Till the Heart Sings: A Biblical Theology of Manhood and Womanhood
Wm. B. Eerdmans Publishing, 2004 - 260 páginas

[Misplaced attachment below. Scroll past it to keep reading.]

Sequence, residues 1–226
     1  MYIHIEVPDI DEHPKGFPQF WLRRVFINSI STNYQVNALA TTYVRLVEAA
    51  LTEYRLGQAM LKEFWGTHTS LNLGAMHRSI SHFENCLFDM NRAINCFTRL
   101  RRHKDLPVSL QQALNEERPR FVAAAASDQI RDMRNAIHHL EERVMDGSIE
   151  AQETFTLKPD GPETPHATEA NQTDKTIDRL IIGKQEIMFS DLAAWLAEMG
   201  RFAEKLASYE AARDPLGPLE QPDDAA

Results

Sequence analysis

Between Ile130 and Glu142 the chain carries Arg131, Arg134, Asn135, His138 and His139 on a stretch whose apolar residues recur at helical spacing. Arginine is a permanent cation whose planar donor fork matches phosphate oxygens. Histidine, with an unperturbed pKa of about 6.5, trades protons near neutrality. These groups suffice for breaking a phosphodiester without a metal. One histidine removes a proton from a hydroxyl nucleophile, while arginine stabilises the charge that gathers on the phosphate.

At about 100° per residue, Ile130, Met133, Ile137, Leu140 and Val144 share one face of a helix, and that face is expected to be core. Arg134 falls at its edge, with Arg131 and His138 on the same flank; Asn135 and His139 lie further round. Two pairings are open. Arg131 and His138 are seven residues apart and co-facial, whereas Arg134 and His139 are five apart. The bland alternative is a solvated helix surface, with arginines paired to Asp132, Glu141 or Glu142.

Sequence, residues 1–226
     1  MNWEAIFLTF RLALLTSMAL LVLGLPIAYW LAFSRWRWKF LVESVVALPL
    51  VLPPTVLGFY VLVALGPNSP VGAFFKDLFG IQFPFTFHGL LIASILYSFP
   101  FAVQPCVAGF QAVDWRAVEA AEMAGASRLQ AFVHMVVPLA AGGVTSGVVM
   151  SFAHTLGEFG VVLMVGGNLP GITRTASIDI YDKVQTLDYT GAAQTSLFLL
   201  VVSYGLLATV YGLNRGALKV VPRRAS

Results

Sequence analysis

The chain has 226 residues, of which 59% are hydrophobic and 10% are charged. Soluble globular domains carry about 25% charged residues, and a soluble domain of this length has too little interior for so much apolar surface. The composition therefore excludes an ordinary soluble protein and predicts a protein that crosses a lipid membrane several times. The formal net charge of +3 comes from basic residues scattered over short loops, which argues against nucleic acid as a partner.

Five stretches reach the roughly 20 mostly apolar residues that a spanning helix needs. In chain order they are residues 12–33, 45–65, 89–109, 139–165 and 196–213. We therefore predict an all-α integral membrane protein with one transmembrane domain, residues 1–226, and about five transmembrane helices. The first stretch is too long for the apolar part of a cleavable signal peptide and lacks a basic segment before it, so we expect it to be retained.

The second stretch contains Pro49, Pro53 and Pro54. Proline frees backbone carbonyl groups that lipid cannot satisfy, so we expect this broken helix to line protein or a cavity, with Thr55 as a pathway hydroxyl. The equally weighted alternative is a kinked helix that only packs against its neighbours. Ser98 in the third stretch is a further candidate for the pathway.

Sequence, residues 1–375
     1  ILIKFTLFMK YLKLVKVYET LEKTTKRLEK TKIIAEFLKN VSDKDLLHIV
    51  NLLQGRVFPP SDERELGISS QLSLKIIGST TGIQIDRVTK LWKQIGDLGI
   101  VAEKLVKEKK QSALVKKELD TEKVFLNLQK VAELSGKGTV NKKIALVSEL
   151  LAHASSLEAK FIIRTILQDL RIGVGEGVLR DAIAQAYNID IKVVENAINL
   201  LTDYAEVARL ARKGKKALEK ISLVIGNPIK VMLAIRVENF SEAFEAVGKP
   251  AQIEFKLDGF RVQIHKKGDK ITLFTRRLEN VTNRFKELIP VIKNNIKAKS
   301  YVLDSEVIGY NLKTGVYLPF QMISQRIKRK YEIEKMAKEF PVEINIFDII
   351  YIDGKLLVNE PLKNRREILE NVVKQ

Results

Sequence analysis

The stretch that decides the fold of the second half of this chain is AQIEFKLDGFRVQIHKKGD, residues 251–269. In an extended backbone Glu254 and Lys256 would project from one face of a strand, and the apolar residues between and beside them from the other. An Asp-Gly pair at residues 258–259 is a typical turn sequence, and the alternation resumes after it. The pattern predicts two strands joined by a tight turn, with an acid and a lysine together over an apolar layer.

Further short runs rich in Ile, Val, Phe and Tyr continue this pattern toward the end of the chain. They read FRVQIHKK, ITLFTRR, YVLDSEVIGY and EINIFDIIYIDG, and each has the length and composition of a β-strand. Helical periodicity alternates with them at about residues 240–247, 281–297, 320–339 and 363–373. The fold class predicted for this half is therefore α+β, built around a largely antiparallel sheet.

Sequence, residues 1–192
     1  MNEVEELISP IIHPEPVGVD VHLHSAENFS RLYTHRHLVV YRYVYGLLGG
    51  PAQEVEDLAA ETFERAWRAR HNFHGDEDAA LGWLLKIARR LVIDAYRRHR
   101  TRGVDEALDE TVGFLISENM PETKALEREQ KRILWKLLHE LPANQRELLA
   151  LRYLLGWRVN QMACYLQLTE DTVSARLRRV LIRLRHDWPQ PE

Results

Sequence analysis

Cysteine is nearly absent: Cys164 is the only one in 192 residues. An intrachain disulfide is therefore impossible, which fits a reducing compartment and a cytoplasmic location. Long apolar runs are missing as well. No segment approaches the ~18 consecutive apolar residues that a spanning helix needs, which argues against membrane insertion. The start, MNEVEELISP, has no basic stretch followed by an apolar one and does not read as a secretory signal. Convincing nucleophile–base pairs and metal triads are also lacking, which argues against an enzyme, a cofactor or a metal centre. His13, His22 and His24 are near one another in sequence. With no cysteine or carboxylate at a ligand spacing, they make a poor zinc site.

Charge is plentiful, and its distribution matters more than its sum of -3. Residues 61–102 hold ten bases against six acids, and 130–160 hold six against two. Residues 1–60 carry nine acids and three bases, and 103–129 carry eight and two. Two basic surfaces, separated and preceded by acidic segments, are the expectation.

This new edition of Till the Heart Sings, including a substantial foreword by Phyllis Trible, makes available again Samuel Terrien's rich, acclaimed study of the biblical witness to personhood. Sweeping yet selective in scope, the book argues that the Bible as a whole advances a theology of manhood and womanhood unique in the ancient world. This theology, which resides in the main thrust of Scripture, turns away from sexism and misogyny to confer upon woman as well as man the full stature of humanity. Terrien begins his argument where the Bible itself begins, with creation. He describes the first woman as "the crown of creation," in a mutual relationship with the first man. He then proceeds through Scripture -- including the prophets, the Wisdom literature, the Gospels, and the Pauline letters -- systematically showing that when the books of the Old and New Testaments are viewed in their historical growth, they reveal a theology of manhood and womanhood that runs counter to both traditional Judaism and Christianity and to modern religious attitudes and practices. In the course of his thorough analysis of Scripture, Terrien eloquently examines a host of themes bearing on the issues of gender and personhood, from the myth of the Garden and the eros-agape continuum in the Song of Songs to male overreaction to sexual mysticism and the Gnostic personification of wisdom. Terrien also explores matters related to marriage, homosexuality, and male and female priesthood, all with the aim of uncovering a truly biblical understanding of the relationship between the genders and between all people and God. "This is one of those rare books that ought to be read by anyone who deals with Scripture or sexuality. Seldom has this reader had the pleasure of reviewing a book that maintained such a high level of interest, insight, and scholarship from start to finish, or challenged in such a positive way so many accepted conclusions of both more traditional as well as feminist interpretations of biblical texts." Book jacket.
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